The only solution to this crisis is for the party to sever its left wing, to rid themselves of the influence of the extremists in the blogosphere and Hollywood, and to mute liabilities like Howard Dean, Al Gore, Nancy Pelosi, Harry Reid, Ted Kennedy, et al. Even this, however, is a measure fraught with dangers. Should the left, disenchanted with, or divorced from, the Democratic party, start up a third party with their not inconsiderable bankrollers, it would siphon away so many votes from the Democrats that they'd be relegated to permanent minority status.

It seems as if no matter what they do they lose unless Bush is caught in some scandal. It's a shame that they've come to the point where their only hope of finding favor with the electorate is that the other guy disgrace himself.

Moral Non-Equivalence

The local paper had a blurb yesterday on the cartoon wars. I can't link to it because the paper's web site can only be navigated by those who can also solve Rubik's Cubes in under sixty seconds, and consequently I am unable to locate an e-copy of the article. Here is the relevant portion, in any event:

A well-known Dutch-Belgium Islamic militant organization, the Arab-European League, posted anti-Jewish cartoons on its website, calling the crude drawings an exercise in free speech. One showed Anne Frank, a young Jewish victim of a Nazi concentration camp whose diary was published posthumously, lying naked in bed with Adolf Hitler.

A couple of things to note here: First, we're surprised that Islamic militants are suddenly enthusiastic about free speech. We shouldn't be, of course, since one of their favorite tactics has been to use the values of the West against it. The same cultural-religious milieu that produced the Taliban and al-Qaeda is likely to quickly grow weary of free expression, especially since it is the greatest threat to the tyrannies they would impose.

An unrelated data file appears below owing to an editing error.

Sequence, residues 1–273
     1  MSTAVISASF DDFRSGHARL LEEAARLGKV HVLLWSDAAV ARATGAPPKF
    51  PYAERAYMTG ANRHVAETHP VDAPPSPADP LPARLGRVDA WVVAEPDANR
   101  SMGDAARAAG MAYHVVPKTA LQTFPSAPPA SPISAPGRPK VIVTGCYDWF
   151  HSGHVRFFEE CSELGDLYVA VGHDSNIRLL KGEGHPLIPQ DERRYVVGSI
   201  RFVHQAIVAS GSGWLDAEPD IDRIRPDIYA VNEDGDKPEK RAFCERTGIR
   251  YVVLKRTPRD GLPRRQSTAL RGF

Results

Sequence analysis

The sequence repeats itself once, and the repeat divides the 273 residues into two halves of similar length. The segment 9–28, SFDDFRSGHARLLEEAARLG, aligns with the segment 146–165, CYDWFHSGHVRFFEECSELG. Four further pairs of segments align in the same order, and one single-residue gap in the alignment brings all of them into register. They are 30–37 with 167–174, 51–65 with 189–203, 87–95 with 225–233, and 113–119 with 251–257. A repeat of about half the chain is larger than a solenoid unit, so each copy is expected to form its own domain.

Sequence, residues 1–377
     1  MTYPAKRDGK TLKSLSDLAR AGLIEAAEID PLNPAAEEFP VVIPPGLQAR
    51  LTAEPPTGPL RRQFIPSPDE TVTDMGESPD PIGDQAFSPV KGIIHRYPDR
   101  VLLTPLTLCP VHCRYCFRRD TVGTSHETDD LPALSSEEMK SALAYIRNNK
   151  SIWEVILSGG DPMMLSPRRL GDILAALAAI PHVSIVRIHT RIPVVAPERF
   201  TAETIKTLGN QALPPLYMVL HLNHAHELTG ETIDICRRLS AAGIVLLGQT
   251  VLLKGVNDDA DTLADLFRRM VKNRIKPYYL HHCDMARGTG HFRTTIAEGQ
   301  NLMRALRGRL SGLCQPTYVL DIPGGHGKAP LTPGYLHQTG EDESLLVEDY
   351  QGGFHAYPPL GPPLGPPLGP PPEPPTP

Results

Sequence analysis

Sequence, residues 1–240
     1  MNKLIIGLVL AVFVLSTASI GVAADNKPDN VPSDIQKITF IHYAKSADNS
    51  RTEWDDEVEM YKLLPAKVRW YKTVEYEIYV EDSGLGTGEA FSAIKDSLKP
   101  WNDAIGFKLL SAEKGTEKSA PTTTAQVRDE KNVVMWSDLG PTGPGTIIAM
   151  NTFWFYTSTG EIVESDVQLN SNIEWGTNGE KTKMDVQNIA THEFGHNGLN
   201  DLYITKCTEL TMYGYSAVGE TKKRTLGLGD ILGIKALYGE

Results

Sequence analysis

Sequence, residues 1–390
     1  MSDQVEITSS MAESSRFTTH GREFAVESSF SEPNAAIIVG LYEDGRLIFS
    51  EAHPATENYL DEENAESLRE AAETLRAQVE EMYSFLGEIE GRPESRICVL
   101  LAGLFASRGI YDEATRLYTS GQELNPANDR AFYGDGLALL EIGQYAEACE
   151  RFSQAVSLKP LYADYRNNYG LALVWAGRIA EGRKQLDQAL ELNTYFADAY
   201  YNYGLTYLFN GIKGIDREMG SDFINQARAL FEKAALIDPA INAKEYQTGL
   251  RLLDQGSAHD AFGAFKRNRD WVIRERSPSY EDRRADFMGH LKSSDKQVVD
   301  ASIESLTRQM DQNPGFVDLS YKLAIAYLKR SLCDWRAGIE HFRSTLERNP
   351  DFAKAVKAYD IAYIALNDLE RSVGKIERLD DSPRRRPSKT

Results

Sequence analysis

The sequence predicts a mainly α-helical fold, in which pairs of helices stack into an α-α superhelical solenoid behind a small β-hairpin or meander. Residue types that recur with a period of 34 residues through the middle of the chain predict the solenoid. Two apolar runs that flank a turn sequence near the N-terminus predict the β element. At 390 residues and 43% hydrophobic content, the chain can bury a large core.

Secondly, anyone who thinks that the largely innocuous cartoons depicting Mohammed which have inspired mindless frenzy in the Islamic world are in any way similar to the coarse depiction of a young girl murdered by the Nazis in a sexual embrace with her murderer is a hopeless bonehead.

Surely one reason why Islamic culture still languishes in the deserts of medievalism is that it cultivates little imagination for anything other than creative ways of destroying and killing, and what it does inspire, such as the Anne Frank drawing, is too often suitable fare only for the very dim-witted.

There is cleverness, however, in the use of violence and threats to intimidate the Western media. Now that Muslims have shown that they can impose their will and their religious beliefs on much of the non-Muslim world (see here for an appeasement update), the question arises as to what they will demand next.

Having insured that few newspapers will see fit in the future to run anything that might outrage tender Muslim consciences, will they next demand that all images of women in slacks or skirts be expunged from public spaces because they offend Muslim sensibilities? Will they insist, on pain of rioting in the streets, that advertisements for alcohol be prohibited? Or that Western markets cease their sale of pork? On what grounds will the West resist such extortions if they will not defend freedom of speech and freedom of the press in the present circumstance?

If Muslims are successful in bullying the West into suppressing the basic freedoms it has long cherished, they will have made a giant stride toward coercing the West into tacitly accepting the bleak standards of their primitive religion and submitting to a state of de facto, and abject, dhimmitude.